When choosing materials to improve or remodel your home, try to buy eco-friendly products. Using recycled products helps reduce the amount of material going to landfills. Flooring, insulation, plastic lumber, woodwork, shingles, and many garden/lawn products are made from recycled materials.
If your house or apartment was built before 1978, it is likely to still have lead-based paint on walls and other surfaces. Lead in the environment is especially harmful to children and pregnant women. Before you begin any paint removal or remodeling projects, be sure to test for lead. You can hire a professional to remove it or do it yourself. If you do it yourself, spread tarps under the work area, don't work on windy days and collect and dispose of your paint waste in a licensed sanitary landfill.
Buy carpet made from recycled drink bottles (polyethylene terephthalate fiber.) This recycled-content carpet is durable, resists moisture and staining and requires no additional chemicals for its manufacture.
Install properly insulated skylights or larger windows to allow more natural light into your home. You will help reduce the amount of energy and electricity used to light your home.
To help save landfill space, donate reusable old cabinets, doors, plumbing fixtures and hardware to a local charity or building materials reuse center.
Contact your local household hazardous waste collection facility for instructions on safely disposing of harmful waste products and materials such as empty aerosol paint cans, leftover paint and thinners, used solvents and paint chips, unused garden products like fertilizers and pesticides and household chemicals.
When working around the house, do your part to help the environment by recycling. Use reusable rags and wipes instead of disposable products. Reuse old milk jugs, coffee cans or other plastic containers to hold paint, cleaners or other supplies. Be sure to label and date these containers properly, and store them safely away from children and pets. Reuse or recycle leftover cement, gravel and sand whenever possible. Try not to mix up more fresh concrete or cement than you can use in a day.
When your home is undergoing major landscape renovation, try to conduct grading and excavating projects when chances of rain are minimal to prevent erosion and contamination of run-off water. Cover excavated materials, dumpsters, and stockpiles of asphalt, sand and yard clippings to prevent contaminants from getting into storm drains.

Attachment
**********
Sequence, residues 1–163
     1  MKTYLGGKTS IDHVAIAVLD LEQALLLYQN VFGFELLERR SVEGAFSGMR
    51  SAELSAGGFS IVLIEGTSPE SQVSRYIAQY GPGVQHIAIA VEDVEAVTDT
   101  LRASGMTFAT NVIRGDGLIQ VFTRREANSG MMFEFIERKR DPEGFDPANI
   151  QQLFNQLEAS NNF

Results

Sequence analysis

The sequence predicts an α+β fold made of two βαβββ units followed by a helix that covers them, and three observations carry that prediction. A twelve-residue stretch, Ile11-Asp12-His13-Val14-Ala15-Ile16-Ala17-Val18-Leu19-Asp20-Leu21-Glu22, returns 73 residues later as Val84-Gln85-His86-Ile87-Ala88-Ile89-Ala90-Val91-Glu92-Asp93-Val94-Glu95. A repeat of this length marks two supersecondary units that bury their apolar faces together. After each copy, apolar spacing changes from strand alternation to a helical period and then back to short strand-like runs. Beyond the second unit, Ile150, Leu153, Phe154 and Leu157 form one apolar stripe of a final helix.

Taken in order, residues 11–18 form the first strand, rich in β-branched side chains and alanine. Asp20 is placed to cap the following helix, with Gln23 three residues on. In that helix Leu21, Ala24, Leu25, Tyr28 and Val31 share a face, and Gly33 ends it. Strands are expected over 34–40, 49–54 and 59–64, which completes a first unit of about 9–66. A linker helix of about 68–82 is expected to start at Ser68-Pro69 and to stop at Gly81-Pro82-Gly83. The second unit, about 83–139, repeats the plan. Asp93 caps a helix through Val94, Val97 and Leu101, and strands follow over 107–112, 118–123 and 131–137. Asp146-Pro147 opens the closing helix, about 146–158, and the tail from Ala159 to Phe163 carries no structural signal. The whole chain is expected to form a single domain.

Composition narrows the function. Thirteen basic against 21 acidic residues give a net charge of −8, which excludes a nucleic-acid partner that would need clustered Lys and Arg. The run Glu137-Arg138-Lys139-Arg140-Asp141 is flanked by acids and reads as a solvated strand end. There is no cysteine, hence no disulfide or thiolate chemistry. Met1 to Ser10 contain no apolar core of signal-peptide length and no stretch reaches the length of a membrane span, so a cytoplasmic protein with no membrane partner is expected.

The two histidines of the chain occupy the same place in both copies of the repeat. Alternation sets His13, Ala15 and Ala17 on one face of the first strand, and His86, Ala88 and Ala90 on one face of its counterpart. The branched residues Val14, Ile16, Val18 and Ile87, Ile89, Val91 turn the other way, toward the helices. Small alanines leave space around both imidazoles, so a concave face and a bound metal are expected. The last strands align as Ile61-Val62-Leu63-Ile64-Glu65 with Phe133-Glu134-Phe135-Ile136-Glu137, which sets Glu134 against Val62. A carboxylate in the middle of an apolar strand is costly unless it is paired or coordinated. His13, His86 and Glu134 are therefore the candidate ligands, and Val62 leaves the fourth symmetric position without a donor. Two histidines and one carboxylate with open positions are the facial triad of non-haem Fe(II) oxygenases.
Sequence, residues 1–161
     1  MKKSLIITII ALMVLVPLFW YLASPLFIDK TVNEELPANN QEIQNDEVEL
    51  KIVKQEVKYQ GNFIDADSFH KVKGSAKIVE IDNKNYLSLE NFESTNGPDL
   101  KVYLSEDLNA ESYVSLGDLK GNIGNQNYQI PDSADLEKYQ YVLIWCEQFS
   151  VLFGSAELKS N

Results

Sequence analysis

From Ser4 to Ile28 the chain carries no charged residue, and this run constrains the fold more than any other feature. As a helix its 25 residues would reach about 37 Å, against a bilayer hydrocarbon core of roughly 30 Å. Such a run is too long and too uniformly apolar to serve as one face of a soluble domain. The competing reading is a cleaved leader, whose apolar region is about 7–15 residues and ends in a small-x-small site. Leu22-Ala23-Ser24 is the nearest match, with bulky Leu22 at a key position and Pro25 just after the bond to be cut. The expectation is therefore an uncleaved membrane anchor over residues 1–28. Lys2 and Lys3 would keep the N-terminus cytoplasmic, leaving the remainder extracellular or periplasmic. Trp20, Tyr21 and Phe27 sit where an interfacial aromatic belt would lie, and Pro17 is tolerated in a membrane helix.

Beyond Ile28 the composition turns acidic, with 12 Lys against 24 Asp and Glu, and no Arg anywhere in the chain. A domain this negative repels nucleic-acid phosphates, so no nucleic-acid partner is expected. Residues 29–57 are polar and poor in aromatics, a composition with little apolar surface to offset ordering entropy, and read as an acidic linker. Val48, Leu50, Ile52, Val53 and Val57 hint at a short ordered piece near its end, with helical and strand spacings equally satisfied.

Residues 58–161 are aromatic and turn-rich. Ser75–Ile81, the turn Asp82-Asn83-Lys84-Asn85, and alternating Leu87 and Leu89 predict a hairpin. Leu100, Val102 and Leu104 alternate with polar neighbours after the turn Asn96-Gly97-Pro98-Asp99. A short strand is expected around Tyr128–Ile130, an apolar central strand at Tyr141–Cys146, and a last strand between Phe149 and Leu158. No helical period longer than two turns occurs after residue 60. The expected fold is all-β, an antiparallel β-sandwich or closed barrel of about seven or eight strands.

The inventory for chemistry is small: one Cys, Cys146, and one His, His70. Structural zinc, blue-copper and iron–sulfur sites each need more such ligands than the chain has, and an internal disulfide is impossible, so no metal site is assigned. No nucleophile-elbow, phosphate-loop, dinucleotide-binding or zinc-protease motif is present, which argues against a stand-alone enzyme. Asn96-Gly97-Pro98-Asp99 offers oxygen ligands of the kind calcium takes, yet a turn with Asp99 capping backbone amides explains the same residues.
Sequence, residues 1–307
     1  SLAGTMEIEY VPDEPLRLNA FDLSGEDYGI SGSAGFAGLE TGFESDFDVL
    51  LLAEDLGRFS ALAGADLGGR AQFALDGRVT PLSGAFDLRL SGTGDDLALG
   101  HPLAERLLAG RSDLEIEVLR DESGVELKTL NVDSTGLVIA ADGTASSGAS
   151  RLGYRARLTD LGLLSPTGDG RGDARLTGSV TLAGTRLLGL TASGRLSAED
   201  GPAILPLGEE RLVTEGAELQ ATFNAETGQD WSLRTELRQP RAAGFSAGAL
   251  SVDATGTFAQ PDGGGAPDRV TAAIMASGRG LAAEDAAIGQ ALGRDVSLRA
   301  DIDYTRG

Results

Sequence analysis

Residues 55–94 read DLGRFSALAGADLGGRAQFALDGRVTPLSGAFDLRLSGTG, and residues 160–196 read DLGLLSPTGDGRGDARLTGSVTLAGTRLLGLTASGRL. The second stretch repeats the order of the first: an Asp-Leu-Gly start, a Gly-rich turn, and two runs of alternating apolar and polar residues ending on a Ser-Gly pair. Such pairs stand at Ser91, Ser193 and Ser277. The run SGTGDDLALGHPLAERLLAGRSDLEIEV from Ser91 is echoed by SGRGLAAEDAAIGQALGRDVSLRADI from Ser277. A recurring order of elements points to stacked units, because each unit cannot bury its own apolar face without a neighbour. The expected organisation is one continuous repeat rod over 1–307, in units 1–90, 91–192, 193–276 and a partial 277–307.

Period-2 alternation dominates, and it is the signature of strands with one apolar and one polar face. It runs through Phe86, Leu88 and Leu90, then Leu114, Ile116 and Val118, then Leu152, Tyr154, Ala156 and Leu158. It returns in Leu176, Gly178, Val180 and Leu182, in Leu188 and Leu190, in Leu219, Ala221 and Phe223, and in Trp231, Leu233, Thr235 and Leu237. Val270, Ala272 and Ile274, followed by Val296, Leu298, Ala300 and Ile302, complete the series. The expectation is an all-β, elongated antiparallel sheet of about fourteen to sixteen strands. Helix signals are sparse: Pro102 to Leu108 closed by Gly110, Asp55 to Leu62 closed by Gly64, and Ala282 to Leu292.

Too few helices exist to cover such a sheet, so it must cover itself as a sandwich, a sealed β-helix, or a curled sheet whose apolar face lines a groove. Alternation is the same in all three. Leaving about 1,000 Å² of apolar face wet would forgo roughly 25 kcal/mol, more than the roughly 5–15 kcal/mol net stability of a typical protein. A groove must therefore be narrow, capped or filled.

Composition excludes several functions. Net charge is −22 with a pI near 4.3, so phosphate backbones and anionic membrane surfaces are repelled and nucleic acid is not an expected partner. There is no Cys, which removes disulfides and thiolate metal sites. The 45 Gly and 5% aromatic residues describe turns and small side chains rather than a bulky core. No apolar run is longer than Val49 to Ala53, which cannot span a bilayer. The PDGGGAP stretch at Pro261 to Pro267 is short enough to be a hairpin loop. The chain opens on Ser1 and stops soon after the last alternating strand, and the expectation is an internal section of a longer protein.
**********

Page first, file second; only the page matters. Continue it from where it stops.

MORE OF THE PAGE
Tips for Fall Home Maintenance
- Compost is a rich, organic soil conditioner for your lawn and garden. Put raked leaves and other yard wastes in a compost bin and keep these materials out of landfills. Don't forget to add any organic materials cleaned out of your gutters, too.
- When stocking up on cold-weather gear, buy recycled-content items such as fleece clothing and blankets made from recycled soda bottles and snow shovels made from recycled plastic. Buying recycled-content products "closes the loop" and encourages companies to make more items with recycled materials.
- If you have a tile roof, check it thoroughly for cracks or missing tiles and use roofing made from recycled rubber or plastic to make repairs.
- Replace old insulation with insulation made from recycled paper, glass and other recovered materials.
- Check your heat pump or furnace and change the filter or make repairs if needed. Properly maintaining your furnace will conserve fuel by keeping it running efficiently and preventing leaks.
- Check caulking around windows and do touch ups for energy efficiency and natural resource conservation.
- Clean and properly store tools, toys and outdoor furniture to protect them from damage, allowing you to keep them longer instead of sending them to the landfill.
- When performing routine maintenance on your car, properly dispose of used motor oil, coolants, tires and batteries. Many repair facilities will accept these items and recycle them, or you can call your local solid waste management department to find auto parts recycling facilities in your area.
For more information, please visit www.www.epa.gov.